5 used cars loaded with the latest tech

If your budget makes you a used-car shopper, you don't have to sacrifice up-to-date automotive technology. Features such as backup cameras, blind-spot warning and Bluetooth connectivity for cell phones are available in used cars costing thousands of dollars less than new models.

"Many shoppers will be surprised to learn how many used cars currently available are loaded with advanced technology," said Ron Montoya, senior consumer advice editor for automotive website Edmunds.com. Edmunds has researched five important techy features and what model years they first became widely available.

Knowing when these features first were offered lets you search for used cars that may have this technology. However, items that later became standard on many models started out limited to just the more expensive versions of those models. So, in doing your shopping, check the details of any advertised car to make sure it has the tech feature you crave.

Edmunds also identified for CBS MoneyWatch a selection of used cars currently for sale that represent early adoption of various technologies, often as part of a broader tech package. The prices are those quoted by sellers on Edmunds.com. Used-car prices can vary widely depending on the condition and mileage of a particular vehicle.

Click here to see more on the technology features and the used cars you can now find that adopted them.

​Bluetooth: 2010 Buick LaCrosse CXS

Bluetooth enables a wireless connection to your car's audio system that lets you make and receive phone calls and stream music from most mobile devices. Bluetooth first became widespread with 2009 models. Newly redesigned for 2010, this LaCrosse garnered reviewers' praise for performance, handling and a luxurious interior.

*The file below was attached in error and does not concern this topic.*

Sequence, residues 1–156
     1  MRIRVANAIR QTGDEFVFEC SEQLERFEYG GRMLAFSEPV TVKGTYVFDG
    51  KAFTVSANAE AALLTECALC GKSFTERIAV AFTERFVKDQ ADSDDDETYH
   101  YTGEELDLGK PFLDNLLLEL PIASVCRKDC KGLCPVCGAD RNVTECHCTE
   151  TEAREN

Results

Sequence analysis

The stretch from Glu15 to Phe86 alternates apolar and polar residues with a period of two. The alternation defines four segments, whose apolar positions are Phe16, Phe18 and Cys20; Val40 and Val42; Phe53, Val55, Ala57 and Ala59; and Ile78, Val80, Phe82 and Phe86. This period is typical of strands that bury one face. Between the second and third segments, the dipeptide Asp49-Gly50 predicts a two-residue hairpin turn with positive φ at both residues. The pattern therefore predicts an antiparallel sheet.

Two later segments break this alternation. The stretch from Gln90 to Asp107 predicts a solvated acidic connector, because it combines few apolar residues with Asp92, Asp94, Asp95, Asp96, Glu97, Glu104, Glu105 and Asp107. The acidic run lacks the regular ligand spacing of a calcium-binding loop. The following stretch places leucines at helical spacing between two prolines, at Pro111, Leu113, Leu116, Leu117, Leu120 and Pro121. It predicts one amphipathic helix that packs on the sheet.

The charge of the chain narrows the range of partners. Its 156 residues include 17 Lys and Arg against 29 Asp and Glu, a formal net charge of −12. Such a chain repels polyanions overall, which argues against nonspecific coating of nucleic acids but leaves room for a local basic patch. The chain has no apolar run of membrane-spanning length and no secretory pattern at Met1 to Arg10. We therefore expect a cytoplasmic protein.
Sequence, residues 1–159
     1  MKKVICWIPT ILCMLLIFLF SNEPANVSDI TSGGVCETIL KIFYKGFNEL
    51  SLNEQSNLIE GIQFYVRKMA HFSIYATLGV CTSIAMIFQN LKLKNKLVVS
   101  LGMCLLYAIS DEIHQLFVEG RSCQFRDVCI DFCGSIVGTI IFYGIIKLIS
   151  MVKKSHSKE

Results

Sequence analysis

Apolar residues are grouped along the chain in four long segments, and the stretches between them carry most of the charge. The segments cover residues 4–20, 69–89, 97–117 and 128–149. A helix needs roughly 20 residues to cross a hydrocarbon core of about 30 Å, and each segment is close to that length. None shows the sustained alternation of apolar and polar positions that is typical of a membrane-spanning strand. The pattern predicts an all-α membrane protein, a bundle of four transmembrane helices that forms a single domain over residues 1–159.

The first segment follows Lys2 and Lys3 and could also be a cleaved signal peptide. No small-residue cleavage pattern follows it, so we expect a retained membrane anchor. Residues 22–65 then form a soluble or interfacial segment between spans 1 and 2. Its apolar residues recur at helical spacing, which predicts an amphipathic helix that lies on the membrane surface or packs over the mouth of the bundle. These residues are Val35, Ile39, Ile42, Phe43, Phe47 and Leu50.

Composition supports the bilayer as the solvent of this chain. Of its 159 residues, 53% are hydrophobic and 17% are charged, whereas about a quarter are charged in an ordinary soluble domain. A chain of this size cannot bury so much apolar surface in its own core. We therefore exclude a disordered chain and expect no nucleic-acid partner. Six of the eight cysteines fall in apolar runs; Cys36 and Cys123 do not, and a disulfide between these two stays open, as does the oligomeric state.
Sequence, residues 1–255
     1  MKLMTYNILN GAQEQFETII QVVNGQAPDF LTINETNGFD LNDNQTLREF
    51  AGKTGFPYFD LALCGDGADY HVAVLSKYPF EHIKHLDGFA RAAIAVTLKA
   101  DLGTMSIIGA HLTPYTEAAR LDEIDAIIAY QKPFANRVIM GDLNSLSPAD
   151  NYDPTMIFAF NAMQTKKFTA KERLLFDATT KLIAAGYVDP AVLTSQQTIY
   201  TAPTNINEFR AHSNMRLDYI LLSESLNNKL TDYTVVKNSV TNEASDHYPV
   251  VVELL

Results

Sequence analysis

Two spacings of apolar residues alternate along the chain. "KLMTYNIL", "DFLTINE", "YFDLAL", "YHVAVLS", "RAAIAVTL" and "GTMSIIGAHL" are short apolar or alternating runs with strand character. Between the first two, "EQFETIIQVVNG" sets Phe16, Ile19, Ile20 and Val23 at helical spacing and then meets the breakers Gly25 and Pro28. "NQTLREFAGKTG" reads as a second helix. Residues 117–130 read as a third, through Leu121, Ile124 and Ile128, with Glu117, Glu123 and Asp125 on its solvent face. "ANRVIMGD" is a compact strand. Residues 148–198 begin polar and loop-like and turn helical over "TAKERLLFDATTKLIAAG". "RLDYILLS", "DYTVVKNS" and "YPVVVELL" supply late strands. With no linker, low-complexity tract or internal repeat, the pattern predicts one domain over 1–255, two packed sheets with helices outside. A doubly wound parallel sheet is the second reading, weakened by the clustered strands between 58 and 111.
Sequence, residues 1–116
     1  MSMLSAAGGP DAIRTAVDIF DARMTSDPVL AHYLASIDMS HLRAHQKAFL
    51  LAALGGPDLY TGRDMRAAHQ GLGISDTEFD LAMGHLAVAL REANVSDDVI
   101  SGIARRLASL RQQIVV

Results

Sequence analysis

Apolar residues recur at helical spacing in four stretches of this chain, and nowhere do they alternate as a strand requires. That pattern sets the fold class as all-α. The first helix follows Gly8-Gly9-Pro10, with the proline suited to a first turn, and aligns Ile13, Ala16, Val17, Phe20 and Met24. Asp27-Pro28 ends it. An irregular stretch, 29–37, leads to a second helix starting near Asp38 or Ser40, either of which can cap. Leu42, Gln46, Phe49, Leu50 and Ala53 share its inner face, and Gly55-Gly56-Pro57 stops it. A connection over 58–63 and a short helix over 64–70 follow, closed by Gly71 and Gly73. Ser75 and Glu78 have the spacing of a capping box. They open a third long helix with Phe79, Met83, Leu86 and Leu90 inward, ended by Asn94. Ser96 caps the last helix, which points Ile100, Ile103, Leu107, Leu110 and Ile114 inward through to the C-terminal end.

The 2010 six-cylinder engine is EPA-rated for 18 MPG in city driving and 28 on the highway. A CXS version with about 37,000 miles on the odometer is listed at $13,888. The equivalent 2015 LaCrosse lists for $36,825.

​Backup camera: 2011 Chevrolet Equinox LT2

The backup camera is such an important safety feature that it will be required as standard equipment for all vehicles in the 2018 model year. It lets you see what's immediately behind the vehicle -- whether a small child, a pet or just another car. Backup cameras first became widespread with the 2010 model year.

A Chevrolet Equinox SUV from the following year, with about 53,700 miles is listed for $15,208. An equivalent 2015 Equinox starts at $30,635. The 2011 SUV is rated for 22 MPG in the city and 32 on the highway.

​Blind-spot warning: 2013 Mazda CX-5 Grand Touring

Blind-spot warning systems are among new safety-related technology that has spread swiftly -- starting with the 2013 model year. The system monitors the space around your car to pick up another vehicle moving up quickly to your side or rear. If your turn signal is on, a flashing light in the side-view mirror cautions you not to change lanes.

A 2013 Mazda CX-5 SUV with a blind-spot system and about 60,000 miles has an EPA rating of 26 MPG in the city and 33 on the highway. It's listed for $21,995, while a 2015 Grand Touring model starts at $29,100.

​Adaptive cruise control: 2014 Jeep Grand Cherokee Summit

Adaptive cruise control is one of the technology stepping stones leading to the self-driving car. With cruise control turned on, it adjusts your speed to keep your car at a safe distance -- slowing you down, for instance, as another car changes into your lane just ahead of you. It became widespread with the 2013 model year, especially in luxury brands. But the feature also can be found in top-of-the-line versions of mainstream brands -- like the 2014 Jeep Grand Cherokee Summit.

The four-wheel drive Grand Cherokee is rated for 21 MPG in city driving, 28 on the highway. A version of this car with about 32,300 miles is listed for $37,227. A 2015 Summit starts at a list price of $52,990.

​Dual-zone climate control: 2010 Honda Accord EX-L

This feature isn't as high-tech as the earlier ones. But if you've ever had a conflict with your significant other over how hot or cool the car should be, you'll know how important it can be. It allows the driver and front seat passenger each get to set the climate controls separately.

Like most premium features, dual-zone climate controls started with luxury models as early as 2006. But we chose a newer, mainstream model -- the 2010 Honda Accord EX-L rated for 19 MPG city, 29 highway. A version of this car with about 85,000 miles is listed for $13,999. A 2015 EX-L starts at a list price of $31,465.